5.4 An application for the HAFM method lies in the direct analysis of pressure vessel wall scrapings or Charpy block surveillance samples. Measurements of the helium production in these materials can provide in situ integral information on the neutron fluence spectrum. This application can provide dosimetry information at critical positions where conventional dosimeter placement is difficult if not impossible. Analyses must first be conducted to determine the boron, lithium, and other component concentrations, and their homogeneities, so that their possible contributions to the total helium production can be determined. Boron (and lithium) can be determined by converting a fraction of the boron to helium with a known thermal neutron exposure. Measurements of the helium in the material before and after the exposure will enable a determination of the boron content (7). Boron level down to less than 1 wt. ppm can be obtained in this manner.
5.5 By careful selection of the appropriate HAFM sensor material and its mass, helium concentrations ranging from ∼10−14 to 10−1 atom fraction can be generated and measured. In terms of fluence, this represents a range of roughly 1012 to 1027 n/cm2. Fluence (>1 MeV) values that may be encountered during routine surveillance testing are expected to range from ∼3 × 1014 to 2 × 10 20 n/cm2, which is well within the range of the HAFM technique.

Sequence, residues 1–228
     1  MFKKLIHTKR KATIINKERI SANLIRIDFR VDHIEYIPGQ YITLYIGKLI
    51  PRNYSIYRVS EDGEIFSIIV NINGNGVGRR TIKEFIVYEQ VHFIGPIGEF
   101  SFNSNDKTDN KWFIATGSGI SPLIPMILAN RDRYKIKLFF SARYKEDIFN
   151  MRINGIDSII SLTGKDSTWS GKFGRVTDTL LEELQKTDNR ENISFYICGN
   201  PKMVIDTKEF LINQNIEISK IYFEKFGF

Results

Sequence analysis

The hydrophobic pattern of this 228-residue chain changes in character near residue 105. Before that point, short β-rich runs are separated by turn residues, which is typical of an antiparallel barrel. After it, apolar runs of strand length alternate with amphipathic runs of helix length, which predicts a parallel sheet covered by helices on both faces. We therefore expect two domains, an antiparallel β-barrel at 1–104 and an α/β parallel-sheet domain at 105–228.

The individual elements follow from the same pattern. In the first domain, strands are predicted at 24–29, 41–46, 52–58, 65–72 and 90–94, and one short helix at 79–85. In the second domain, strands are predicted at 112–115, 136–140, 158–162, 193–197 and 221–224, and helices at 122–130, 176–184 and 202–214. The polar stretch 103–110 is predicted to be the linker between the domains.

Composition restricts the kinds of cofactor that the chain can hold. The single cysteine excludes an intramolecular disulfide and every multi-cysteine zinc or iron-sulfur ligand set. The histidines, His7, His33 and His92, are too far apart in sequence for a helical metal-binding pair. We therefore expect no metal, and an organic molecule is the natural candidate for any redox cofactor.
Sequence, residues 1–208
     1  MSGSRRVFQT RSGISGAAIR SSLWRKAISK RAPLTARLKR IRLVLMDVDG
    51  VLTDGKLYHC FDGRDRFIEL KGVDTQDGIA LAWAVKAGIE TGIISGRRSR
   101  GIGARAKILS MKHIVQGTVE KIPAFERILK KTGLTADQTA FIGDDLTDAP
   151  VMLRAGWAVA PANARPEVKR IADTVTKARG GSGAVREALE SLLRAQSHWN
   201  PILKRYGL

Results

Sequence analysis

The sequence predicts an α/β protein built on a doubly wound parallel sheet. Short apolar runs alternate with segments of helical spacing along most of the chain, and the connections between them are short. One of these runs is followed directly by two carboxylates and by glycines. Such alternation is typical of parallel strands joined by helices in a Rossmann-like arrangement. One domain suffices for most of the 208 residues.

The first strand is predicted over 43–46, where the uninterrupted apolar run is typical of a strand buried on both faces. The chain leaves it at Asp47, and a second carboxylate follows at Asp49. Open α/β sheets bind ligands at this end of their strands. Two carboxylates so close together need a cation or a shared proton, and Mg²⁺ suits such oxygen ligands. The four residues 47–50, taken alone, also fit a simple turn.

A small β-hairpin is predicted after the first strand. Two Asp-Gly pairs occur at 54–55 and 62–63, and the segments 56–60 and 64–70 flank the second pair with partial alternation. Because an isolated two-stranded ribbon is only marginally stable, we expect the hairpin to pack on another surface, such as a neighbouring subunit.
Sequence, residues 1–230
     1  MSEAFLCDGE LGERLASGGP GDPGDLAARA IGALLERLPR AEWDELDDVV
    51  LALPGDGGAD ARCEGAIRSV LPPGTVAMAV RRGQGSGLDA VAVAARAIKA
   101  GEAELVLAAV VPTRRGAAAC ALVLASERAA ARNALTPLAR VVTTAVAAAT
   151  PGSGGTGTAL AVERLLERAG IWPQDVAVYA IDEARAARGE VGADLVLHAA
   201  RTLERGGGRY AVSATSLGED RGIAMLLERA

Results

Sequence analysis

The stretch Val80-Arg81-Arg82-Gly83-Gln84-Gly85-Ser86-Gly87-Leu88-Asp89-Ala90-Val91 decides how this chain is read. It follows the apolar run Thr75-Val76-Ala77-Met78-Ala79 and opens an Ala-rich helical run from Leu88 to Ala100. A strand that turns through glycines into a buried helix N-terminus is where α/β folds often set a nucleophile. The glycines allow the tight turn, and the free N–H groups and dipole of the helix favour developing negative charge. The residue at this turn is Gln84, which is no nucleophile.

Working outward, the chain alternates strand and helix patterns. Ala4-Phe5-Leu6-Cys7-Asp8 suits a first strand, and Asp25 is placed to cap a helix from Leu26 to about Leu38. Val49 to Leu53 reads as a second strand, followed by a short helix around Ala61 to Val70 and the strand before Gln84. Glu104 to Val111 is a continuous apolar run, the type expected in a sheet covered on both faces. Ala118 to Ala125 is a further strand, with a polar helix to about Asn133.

5.6 The analysis of HAFMs requires an absolute determination of the helium content. The analysis system specified in this test method incorporates a specialized mass spectrometer in conjunction with an accurately calibrated helium spiking system. Helium determination is by isotope dilution with subsequent isotope ratio measurement. The fact that the helium is stable makes the monitors permanent with the helium analysis able to be conducted at a later time, often without the inconvenience in handling caused by induced radioactivity. Such systems for analysis exist, and additional analysis facilities could be reproduced, should that be required. In this respect, therefore, the analytical requirements are similar to other ASTM test methods.View Less
1.1 This test method describes the concept and use of helium accumulation for neutron fluence dosimetry for reactor vessel surveillance. Although this test method is directed toward applications in vessel surveillance, the concepts and techniques are equally applicable to the general field of neutron dosimetry. The various applications of this test method for reactor vessel surveillance are as follows:
1.1.1 Helium accumulation fluence monitor (HAFM) capsules,
1.1.3 Charpy test block samples for helium accumulation, and
1.1.4 Reactor vessel (RV) wall samples for helium accumulation.
1.2 This standard does not purport to address all of the safety concerns, if any, associated with its use. It is the responsibility of the user of this standard to establish appropriate safety, health, and environmental practices and determine the applicability of regulatory limitations prior to use.
1.3 This international standard was developed in accordance with internationally recognized principles on standardization established in the Decision on Principles for the Development of International Standards, Guides and Recommendations issued by the World Trade Organization Technical Barriers to Trade (TBT) Committee.